The Gardener's Network
Bulb Home Types How to Grow Fertilizer
Depth Pests Propagation Forcing Bulbs
Nav Menu

Garden Recipes

Bushes 'n Shrubs

About Trees


Visit Our Other SiteS:

Garden Hobbies

Holiday Insights




Affordable Greenhouses




Rock Enclosures

How to Grow Gladiolus Flowers

Gladiolus are known by a number of names: Gladiolus, gladiola, "glads", and even "Sword Lilly". Why Sword Lily, you might ask? It's because of their long, sword-like leaves. But, Glads are not members of the lily family. Whatever you like to call them, they are one of the more popular flowers grown in the home garden.

Gladiolus are native to the mountains of South America. They are widely grown in the U.S. and Europe. Growing Gladiolus is easy. They make for a beautiful flower in the garden and in floral arrangements, hence their popularity.

With just a little attention, your glads will burst into a bloom of tall spikes in July or August. Blossoms come in a wide range of colors and bicolors, including blue. The blossoms will open from the bottom first. Harvest spikes of Gladiolus just before the top blossoms open. The top blossoms will open indoors.

Did you know? You might think that Gladiolus grow from bulbs....wrong! They actually grow from a closely related cousin, the "corm". See more on Bulbs, Corms and Rhizomes.


How to Grow Gladiolus Bulbs :

Plant Gladiolus in the spring. They can be grown in rows, or bunches. They will tolerate a little crowding, but will grow bigger if spaced out. Gladiolus plants prefer a rich, soft soil, and plenty of water.

pH range: 6.0 - 7.0

While they prefer full sun, Gladiolus will still grow well in partial shade. My glads receive full morning sun before being shaded by the house in the afternoon. A little fertilizer helps to stimulate growth, especially if the soil is poor.

Once planted, your gladiolus should grow well with little attention. Add mulch to help retain water, and to keep the weeds down.

Gladiolus will grow three to four feet tall, but are not a sturdy plant. The heavily flowered spikes, are susceptible to bending and breaking. Provide protection from the wind, if possible. Tie the spikes to plant stakes, to avoid wind damage.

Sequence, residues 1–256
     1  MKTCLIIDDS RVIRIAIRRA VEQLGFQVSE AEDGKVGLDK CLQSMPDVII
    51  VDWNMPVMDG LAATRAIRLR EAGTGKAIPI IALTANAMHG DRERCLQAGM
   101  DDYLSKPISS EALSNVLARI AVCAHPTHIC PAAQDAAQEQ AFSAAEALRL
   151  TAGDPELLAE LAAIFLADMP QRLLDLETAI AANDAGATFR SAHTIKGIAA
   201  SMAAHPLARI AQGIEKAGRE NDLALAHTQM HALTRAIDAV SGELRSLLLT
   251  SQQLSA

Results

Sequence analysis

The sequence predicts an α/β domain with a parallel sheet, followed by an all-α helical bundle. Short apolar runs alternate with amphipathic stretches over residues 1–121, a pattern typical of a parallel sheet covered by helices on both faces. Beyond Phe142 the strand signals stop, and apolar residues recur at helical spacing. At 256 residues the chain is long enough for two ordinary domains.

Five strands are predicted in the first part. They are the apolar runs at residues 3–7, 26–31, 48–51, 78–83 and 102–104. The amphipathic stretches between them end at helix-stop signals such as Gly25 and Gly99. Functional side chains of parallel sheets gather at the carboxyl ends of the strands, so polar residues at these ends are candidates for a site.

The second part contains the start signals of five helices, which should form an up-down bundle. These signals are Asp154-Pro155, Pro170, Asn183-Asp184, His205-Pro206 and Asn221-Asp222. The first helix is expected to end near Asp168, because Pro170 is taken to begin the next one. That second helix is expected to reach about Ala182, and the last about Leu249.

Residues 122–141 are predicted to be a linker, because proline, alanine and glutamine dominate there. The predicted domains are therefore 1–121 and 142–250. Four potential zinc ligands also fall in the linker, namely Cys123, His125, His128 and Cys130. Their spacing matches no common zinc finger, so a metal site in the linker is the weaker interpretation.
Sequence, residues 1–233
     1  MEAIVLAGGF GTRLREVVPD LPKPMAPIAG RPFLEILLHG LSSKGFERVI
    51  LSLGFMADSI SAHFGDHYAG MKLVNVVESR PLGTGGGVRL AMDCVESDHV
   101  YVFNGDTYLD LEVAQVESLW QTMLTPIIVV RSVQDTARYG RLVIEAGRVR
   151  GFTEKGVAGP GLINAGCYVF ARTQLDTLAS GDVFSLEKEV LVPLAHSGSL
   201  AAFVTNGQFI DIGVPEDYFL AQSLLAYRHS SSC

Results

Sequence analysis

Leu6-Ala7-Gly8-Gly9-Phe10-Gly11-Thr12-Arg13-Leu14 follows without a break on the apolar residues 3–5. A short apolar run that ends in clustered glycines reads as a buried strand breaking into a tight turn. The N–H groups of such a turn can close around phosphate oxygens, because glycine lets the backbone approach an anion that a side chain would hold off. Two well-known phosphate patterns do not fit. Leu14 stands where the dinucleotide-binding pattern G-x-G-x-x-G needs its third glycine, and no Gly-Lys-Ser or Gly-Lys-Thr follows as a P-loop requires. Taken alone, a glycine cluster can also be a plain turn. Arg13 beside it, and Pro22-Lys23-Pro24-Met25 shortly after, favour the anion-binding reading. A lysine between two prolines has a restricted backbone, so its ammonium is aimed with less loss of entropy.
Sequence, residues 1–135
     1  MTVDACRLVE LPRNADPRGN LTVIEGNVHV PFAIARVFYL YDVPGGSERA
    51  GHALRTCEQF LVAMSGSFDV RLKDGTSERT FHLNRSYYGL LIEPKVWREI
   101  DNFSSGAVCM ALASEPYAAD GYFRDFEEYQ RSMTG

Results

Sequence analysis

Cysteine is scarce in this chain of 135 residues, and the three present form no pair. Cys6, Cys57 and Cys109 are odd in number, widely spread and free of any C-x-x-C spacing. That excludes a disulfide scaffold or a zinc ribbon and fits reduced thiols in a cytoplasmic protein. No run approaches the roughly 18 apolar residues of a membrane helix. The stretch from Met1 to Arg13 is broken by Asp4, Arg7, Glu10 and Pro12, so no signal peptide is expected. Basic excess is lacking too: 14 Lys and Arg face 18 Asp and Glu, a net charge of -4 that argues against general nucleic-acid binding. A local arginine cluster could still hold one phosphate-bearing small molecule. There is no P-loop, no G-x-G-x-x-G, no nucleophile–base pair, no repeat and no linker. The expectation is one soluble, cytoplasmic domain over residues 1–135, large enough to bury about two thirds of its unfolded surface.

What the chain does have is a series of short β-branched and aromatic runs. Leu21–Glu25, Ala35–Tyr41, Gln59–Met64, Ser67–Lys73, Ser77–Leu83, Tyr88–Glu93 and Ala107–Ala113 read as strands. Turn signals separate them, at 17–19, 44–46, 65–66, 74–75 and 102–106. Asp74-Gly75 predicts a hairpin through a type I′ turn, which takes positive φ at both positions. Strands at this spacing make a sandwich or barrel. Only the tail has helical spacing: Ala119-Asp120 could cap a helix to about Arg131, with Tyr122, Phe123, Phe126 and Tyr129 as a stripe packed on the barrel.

Plant Propagation:

You're probably well familiar with bulbs, which reproduce baby bulbs below the mother bulb. Corms, on the other hand, produce new corms on the top of the mother corm. In the fall, dig up gladiolus corms. Separate the corms. Wash and dry them. Then, put them in a cool, dry and dark place until planting time arrives next spring.

Tip: If you are planning a color-coordinated design for your flower garden, sort corms by color, before putting them away.



More Gardening Resources:

Flower Gallery  Pictures of your favorite flowers..

Garden Seeds for Sale Buy top quality, brand name flower, vegetable and herb seeds, at discount sale prices. The best quality at the lowest prices...anywhere!

Bird, Deer, and Rabbit Pest Netting - Keeps critters out, period!


Buy Raised Garden Bed Frames Attractive, long lasting and affordable. They are used only by the best gardners... Is that you?


Deck Boxes

Shopping Channels:

Gardening:
Garden Seeds
Composter
Greenhouse
Pest Control
Planter
Raised Bed
Garden Supplies
Trees 'n Shrubs

Yard 'n Deck
Fake Rocks
Hammocks
Outdoor Storage
Solar Lights

Halloween:
Pumpkin Carving
Decorating
Jello Mold
4 the Party








solar, light, lighs, owl
Solar Light- Owl


| Home | How to Grow | Flowers | Fruit | Bulbs | Vegetables | Lawn Care | Pumpkins | House Plants |
|
Herbs | Organic | Plant Problems | Bushes 'n Shrubs | Trees | 4 the Birds | Garden Recipes |


Copyright 1999 - 2018 © by Premier Star Company